More than 200 girls from middle school and high school gathered at Kansas State University-Olathe on Tuesday morning.
They attended the Microsoft DigiGirlz High, an event that helps break down stereotypes and encourages women to think about careers in STEM fields- Science, Technology, Engineering and Math.
“It's a worldwide initiative that Microsoft started about 20 years ago,” Program and Community Manager for Microsoft Mary Mathiowetz said. “We have thousands and thousands of young women that we bring in and show them the cool parts about technology.”
Mathiowetz said in the next six years, there will be more than 3 million jobs in STEM fields.
“Women right now make up only six percent,” Mathiowetz said about STEM careers. “So that's really, we need to get these young women that are passionate about what they're doing and help them stay with it.”
Supported by the Johnson County Education Research Triangle, the event brought girls face-to-face with several women in the STEM fields, and also a chance to get a glimpse into what these careers are.
“I'm still indecisive, but some things have kind of made me want to decide and actually go into that field,” 11th-grader Carmaleta Davis said. “As far as engineering, I was very interested in that one.”
Black and Veach Mechanical engineer Elizabeth Brechbuhler said incorporating these programs early will help expose different career opportunities at a young age.
“I think it's incredible that we're in an area where they have access to these types of programs. I know growing up in a rural town, I really didn't have anything like this and it would've been awesome to learn at a younger age and then kind of try and take classes to prepare me for that,” Brechbuhler said. “I really want them to know that they can do anything they set their mind to. There are no limitations based on their gender. If they want to be an engineer, they can be an engineer. They should not be deterred based on their gender.”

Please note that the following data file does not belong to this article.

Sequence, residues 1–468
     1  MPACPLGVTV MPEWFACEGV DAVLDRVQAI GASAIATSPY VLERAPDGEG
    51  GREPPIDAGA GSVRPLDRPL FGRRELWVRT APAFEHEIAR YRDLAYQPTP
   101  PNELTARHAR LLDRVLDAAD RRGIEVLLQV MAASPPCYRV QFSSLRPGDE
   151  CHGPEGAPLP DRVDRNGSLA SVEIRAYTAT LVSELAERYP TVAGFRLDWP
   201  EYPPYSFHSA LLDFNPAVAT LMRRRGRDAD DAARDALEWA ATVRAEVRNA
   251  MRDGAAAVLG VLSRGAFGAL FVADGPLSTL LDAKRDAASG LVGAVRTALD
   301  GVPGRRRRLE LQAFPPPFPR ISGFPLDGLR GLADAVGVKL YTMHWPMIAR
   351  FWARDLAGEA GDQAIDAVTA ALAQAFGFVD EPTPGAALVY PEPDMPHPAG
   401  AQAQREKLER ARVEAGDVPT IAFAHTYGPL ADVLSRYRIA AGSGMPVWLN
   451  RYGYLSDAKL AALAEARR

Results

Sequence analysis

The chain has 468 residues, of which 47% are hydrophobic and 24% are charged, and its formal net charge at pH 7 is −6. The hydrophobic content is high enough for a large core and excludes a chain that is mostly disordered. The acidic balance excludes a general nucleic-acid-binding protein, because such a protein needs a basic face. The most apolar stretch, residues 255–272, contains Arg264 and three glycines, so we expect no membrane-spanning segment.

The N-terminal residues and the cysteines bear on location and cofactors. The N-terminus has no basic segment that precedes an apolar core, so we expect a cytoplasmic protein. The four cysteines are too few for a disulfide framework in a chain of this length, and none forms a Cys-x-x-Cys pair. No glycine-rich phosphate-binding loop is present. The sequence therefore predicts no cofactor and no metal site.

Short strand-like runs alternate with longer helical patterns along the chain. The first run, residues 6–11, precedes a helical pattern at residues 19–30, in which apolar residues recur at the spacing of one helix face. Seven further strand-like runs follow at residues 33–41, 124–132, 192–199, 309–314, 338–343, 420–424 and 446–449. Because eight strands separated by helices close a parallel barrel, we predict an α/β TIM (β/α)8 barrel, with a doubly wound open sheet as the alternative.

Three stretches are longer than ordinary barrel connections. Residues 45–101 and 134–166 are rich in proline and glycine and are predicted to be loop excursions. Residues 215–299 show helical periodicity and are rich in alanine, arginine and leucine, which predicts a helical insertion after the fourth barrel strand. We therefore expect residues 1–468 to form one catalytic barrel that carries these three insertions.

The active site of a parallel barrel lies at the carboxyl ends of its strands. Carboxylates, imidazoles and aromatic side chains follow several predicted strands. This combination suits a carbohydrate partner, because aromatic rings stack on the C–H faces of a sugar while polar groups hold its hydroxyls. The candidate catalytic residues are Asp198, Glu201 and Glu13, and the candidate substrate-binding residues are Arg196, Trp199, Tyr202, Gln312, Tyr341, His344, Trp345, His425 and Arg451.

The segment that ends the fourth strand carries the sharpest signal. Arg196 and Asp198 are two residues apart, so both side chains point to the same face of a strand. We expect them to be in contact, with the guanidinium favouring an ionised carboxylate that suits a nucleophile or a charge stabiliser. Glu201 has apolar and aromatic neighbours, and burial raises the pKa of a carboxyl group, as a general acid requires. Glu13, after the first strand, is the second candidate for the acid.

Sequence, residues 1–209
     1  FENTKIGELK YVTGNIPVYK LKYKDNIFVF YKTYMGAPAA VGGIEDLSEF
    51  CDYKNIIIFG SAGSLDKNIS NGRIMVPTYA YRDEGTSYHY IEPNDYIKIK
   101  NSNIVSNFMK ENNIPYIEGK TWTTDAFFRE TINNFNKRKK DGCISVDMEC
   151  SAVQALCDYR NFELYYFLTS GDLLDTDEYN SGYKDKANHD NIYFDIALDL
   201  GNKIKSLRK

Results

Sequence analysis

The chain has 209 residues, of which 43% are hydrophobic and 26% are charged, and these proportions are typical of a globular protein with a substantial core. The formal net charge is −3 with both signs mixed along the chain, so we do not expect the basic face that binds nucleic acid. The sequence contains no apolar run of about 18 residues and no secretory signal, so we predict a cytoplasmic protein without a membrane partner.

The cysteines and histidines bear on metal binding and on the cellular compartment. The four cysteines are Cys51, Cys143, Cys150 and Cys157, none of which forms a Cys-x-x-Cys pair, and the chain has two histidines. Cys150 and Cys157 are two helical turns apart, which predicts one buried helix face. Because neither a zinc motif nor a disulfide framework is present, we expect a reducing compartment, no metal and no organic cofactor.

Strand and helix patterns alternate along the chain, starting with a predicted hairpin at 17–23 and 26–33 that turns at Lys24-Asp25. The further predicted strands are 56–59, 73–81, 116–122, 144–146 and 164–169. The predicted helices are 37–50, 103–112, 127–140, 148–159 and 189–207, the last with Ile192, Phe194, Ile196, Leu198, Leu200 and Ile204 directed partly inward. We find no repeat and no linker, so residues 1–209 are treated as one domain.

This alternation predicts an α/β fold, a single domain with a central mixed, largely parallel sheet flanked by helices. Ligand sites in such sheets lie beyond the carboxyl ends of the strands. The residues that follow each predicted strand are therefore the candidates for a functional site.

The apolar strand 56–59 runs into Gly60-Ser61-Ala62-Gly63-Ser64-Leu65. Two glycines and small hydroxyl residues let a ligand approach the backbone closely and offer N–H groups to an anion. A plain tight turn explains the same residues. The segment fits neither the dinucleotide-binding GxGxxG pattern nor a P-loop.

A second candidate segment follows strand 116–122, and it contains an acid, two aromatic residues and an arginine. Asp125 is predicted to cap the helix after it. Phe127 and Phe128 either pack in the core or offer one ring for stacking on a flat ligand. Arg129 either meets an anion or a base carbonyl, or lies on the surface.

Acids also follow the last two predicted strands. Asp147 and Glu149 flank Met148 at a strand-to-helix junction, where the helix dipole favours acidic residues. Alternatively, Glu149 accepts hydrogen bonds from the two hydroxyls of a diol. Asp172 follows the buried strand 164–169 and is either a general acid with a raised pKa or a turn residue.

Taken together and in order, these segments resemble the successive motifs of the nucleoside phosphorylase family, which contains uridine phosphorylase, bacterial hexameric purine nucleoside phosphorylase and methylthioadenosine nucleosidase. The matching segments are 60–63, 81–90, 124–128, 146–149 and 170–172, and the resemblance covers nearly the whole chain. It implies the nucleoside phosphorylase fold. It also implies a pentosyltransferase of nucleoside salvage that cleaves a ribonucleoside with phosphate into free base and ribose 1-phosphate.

Girls like Davis and 8th-grader DaNae Estabine said seeing these women take over the STEM field encourages them they can be anything they want to be.
“When I see it, I get excited, because it's representing me,” Davis said.
“It’s just to show girls that they can do it, if they want to do it, it doesn't matter if the area it's all men, if you want to do it, you can do it,” Estabine said.
Twenty middle schools and high schools were represented at this event.
This is the second year Kansas State University – Olathe has held this event on campus.
Rae Daniel can be reached at Rae.Daniel@KSHB.com.